Mars  Single Cask Komagatake "Tsunuki Aging" Hojo Selection 2018 (44% ABV, 3yo, Japan)
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Colour: Orange gold.
Nose: Apple juice, cider, almond chews.
Palate: Red apples, sweet candy apples, jelly chews (but this time, green frogs).
Finish: Oak tannins and toffee apple.
Rating (on my very non-scientific scale):  90/100.

Sticking with Tsunuki, we next tried two "new makes" (aged 664 and 408 days), followed by one actual new make.


Mars Tsunuki "New Make" 664 days (59% ABV, 664 days old, Japan)
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We were amongst the first people in the world to try this, apparently! 
Colour: Light gold.
Nose: Light and floral. Some grape hubba bubba.
Palate: Rich and oily with sweet grape notes.
Finish: Medium length, malty, oaky, with a lingering earthy smoke.
Rating (on my very non-scientific scale):  83/100. Simple but showing promise.


Mars Tsunuki "New Make" 408 days (59% ABV, 408 days old, Japan)
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Colour: Light yellow gold.
Nose: Sweet smoke - quite meaty, with a subtle sweet pulled port undertone.
Palate: The smoke is less noticable on the palate, and there's some white chocolate and sweet sugared almonds.
Finish: The smoke returns and there's a lingering sweetness to the end.
Rating (on my very non-scientific scale):  87/100. A lovely sweet meatiness to this spirit - I'd love to see how it goes after a decade or two in a good cask!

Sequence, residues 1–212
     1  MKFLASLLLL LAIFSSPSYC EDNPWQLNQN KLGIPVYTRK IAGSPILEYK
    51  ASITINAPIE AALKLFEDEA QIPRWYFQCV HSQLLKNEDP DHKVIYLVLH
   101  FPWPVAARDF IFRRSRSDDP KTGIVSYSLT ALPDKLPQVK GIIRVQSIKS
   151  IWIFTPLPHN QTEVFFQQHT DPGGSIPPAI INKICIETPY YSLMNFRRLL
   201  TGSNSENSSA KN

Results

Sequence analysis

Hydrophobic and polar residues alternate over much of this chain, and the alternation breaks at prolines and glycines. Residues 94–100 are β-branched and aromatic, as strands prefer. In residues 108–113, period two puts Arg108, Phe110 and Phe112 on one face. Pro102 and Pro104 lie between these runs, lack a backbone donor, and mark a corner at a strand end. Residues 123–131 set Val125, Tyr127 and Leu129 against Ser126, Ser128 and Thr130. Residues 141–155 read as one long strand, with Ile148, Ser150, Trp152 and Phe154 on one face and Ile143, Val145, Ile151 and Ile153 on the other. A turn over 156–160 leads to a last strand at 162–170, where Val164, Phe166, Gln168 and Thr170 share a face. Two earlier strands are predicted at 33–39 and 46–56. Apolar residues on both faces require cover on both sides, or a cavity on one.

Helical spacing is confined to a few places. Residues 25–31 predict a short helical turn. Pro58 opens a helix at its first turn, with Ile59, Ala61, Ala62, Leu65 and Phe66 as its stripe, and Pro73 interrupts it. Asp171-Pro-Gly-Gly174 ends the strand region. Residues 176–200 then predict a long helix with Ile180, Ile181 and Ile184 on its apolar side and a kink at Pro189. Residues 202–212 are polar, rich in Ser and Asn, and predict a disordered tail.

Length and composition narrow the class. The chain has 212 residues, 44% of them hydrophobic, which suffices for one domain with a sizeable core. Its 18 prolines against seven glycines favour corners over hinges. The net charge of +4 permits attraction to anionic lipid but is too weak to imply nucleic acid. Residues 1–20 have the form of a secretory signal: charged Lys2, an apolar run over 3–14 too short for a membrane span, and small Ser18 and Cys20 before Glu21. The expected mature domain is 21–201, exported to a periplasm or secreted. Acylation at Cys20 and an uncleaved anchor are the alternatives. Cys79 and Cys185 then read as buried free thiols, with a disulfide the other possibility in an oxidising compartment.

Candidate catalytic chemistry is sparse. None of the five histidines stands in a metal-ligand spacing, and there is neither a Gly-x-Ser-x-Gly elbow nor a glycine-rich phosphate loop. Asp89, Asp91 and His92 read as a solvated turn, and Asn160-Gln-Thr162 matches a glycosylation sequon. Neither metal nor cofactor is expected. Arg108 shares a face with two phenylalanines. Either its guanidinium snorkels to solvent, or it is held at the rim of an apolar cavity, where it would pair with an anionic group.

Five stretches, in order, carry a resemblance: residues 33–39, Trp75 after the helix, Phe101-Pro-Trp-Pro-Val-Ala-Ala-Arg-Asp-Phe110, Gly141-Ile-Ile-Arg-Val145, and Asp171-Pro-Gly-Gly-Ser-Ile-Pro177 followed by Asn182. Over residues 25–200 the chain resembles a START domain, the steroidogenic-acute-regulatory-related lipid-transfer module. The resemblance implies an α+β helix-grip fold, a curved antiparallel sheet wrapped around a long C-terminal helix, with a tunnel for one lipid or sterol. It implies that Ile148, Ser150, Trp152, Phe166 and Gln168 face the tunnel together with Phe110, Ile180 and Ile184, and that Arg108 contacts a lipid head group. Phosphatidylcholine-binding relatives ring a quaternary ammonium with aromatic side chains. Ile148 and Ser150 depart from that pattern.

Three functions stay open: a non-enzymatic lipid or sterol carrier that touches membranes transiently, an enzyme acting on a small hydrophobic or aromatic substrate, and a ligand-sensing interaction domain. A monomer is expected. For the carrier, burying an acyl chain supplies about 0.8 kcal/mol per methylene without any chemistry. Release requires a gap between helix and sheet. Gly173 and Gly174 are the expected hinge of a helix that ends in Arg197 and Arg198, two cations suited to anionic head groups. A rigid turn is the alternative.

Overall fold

Mars "New Pot Heavily Peated" New make Spirit from May 2017 (60% ABV, NMS, Japan)
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Colour: Clear (duh)
Nose: Earthy bananas.
Palate: BBQ ash, burnt beef brisket pieces, and then, somewhat interestingly, a lemon-lime sweetness emerges!
Finish: Back to the smoke - long ashy BBQ smoke.
Rating (on my very non-scientific scale):  85/100. Undoubtedly simple, but actually quite enjoyable! I wasn't the only attendee who said they preferred this to the 664 days!

Last but not least came the "Marsmalt Le Papillon" 5th edition, bottled at just over 4 years @ 60% ABV, from a single American White Oak cask (distilled at the Shinshu distillery).


Marsmalt "Le Papillon" 5th Edition Single Cask (60% ABV, 4yo, Bottle no 553/560, Japan)
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Colour: Vibrant orange gold.
Nose: Candied orange peel. Sweet and citrus.
Palate: Bitter orange at first, then lemon, then grilled BBQ fish and a salty bitterness at the end.
Finish: Medium in length, with slight citrus (lemon) bitter tannins.
Rating (on my very non-scientific scale):  87/100


Tasting a range like this is always fun, especially when it involves such variety of distilleries, spirits and ageing regimes under the one banner (in this case, "Mars"). A big thanks to Hombo-san and Kusan-san for giving up their time, Eddie Nara for his expert hosting duties, and Whisky & Words for the venue!

Cheers,
Martin.

TimeforWhisky.com was grateful to attend this tasting as a guest of Whisky & Words.